A quality college education remains a top priority for many American high school seniors and their families, while the ability to finance college remains difficult. Over the past few decades, tuition prices have raised two to three times faster than the rate of inflation, making college seem unattainable. Worse yet, many families have too much annual income to qualify for federal financial aid, even though they cannot fund their child's entire college bill. Thankfully, there are options for students and their families.
Check for in-state tuition breaks at public universities. All 50 states offer tuition breaks for students who enroll in public institutions within their home state. Federal aid may be off the table, but state money can help ease the burden.
Consider joining the Reserve Officers' Training Corps (ROTC) or other military branches. This represents a significant time commitment to the United States Armed Forces, at least four years of active military service following graduation, but your college expenses will be partially paid or paid in full. Consult with your family before enlisting in these programs.
Research merit-based scholarships offered by the desired university. Colleges offer scholarships for specific programs, hobbies or even the applicant's heritage. The department of your major may also grant scholarships to its students. Seek every potential opportunity available to you and apply.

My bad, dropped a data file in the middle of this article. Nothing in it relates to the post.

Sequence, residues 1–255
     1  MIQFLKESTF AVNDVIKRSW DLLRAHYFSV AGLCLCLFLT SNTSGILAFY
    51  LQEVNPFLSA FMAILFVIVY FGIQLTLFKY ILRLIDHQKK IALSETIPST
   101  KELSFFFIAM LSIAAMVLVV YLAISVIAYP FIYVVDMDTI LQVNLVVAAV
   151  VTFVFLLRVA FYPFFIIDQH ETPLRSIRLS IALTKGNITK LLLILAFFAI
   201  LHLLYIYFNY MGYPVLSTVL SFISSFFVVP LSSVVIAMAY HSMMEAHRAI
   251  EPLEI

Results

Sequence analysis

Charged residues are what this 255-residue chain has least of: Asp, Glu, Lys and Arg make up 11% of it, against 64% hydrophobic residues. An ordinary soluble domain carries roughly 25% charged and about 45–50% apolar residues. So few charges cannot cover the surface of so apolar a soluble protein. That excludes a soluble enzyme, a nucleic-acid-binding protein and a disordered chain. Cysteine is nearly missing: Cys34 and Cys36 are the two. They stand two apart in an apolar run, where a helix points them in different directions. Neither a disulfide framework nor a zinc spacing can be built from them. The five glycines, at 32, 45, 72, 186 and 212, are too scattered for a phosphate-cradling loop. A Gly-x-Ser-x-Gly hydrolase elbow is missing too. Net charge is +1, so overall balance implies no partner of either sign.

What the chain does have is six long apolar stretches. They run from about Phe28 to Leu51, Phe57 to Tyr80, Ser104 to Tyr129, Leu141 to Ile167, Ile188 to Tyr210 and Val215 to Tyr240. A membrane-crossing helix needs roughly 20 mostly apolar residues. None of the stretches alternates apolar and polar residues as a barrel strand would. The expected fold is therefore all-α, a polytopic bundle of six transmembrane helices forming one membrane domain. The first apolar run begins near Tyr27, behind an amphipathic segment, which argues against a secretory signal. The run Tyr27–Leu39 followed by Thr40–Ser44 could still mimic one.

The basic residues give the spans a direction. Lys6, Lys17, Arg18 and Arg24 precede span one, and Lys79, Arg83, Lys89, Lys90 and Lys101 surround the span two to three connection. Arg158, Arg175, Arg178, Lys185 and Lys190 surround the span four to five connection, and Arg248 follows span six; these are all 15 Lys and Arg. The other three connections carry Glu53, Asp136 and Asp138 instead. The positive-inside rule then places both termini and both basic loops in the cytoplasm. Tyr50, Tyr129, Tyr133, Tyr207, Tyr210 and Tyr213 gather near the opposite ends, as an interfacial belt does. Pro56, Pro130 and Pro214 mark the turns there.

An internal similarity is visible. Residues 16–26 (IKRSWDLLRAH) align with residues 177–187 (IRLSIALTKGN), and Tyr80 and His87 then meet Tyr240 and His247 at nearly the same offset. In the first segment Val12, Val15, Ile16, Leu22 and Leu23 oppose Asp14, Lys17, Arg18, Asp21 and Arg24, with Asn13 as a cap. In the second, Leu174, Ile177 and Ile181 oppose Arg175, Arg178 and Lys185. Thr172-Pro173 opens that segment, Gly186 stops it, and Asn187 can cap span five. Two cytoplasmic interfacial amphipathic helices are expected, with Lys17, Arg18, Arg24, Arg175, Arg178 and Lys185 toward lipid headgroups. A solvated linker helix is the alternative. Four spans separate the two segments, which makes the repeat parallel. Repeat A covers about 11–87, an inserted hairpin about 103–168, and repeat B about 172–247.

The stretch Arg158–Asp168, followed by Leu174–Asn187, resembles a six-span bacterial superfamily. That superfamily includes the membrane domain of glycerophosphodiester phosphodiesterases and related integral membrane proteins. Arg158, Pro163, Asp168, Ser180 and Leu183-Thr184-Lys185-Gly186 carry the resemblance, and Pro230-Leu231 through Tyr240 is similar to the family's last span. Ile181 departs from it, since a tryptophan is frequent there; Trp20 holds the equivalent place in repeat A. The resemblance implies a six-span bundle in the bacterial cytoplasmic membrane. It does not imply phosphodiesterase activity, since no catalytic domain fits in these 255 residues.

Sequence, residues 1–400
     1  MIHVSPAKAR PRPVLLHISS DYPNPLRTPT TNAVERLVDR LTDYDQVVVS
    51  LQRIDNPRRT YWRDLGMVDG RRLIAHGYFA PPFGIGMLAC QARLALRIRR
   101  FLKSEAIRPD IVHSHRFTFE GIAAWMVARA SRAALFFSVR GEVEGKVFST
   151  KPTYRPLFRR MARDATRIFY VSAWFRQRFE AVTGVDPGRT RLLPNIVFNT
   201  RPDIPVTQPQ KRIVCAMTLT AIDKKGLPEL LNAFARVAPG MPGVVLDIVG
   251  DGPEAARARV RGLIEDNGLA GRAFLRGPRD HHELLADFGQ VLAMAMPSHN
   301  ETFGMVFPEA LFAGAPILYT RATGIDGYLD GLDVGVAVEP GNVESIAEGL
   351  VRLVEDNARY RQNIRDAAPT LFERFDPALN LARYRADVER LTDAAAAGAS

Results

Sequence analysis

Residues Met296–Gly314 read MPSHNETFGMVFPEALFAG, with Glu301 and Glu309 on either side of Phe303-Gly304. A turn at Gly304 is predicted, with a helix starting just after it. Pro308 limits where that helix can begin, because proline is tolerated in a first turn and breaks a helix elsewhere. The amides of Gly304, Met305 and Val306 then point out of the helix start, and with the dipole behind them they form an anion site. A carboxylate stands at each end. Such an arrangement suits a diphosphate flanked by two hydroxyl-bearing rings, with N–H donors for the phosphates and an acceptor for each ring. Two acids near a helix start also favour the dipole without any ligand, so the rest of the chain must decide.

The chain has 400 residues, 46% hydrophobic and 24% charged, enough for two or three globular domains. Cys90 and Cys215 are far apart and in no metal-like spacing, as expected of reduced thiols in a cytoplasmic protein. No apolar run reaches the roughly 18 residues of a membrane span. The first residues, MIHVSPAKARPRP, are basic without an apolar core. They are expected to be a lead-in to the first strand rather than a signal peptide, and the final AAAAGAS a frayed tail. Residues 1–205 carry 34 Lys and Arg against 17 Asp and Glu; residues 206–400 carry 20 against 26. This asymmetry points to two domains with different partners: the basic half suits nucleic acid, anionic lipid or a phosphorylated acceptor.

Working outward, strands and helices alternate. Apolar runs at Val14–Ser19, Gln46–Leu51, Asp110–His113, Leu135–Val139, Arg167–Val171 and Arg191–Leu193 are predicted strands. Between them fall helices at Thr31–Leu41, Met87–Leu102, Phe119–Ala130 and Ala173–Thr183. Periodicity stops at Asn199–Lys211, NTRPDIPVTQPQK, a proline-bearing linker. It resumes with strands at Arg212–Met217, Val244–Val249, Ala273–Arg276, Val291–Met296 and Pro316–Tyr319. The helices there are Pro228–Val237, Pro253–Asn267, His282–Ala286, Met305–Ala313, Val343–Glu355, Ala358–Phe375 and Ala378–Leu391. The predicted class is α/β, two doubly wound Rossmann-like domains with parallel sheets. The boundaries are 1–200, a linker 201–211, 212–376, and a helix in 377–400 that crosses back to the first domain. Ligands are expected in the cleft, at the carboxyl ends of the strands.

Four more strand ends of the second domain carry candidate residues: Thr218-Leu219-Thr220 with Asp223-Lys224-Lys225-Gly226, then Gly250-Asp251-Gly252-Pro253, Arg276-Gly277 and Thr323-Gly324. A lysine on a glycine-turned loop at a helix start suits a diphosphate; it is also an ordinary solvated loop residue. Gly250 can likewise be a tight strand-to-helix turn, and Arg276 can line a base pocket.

Research scholarships offered by public and private organizations in the community. Local churches, businesses and organizations often award scholarships to students, as well as public organizations like boys' and girls' clubs. The search requires hours of scouring and dedication, but the thousands you could earn are worth the commitment.
Find part-time employment through your university or in the local community. While these jobs will most likely not finance your entire tuition, they will provide cash flow and allow you to make payments and have additional spending money. Some part-time jobs can turn into full-time jobs, so be sure to work hard. Summer jobs can also help.
Apply for student loans. For families who cannot cover all the expenses out of pocket, student loans are the only alternative. The major national banks offer student loan programs for both parents and students, and they will pick up whatever scholarships will not. These must be repaid with interest following graduation, but borrowing is generally the only way to fully fund a contemporary college education.
Jared Beck began writing professionally in 2010 and contributes articles to his hometown newspaper. An how-to article writer, he specializes in sports, literature, film and politics. He earned a Bachelor of Arts degree in creative writing from Miami University and a Master of Fine Arts degree in screenwriting from the University of Southern California.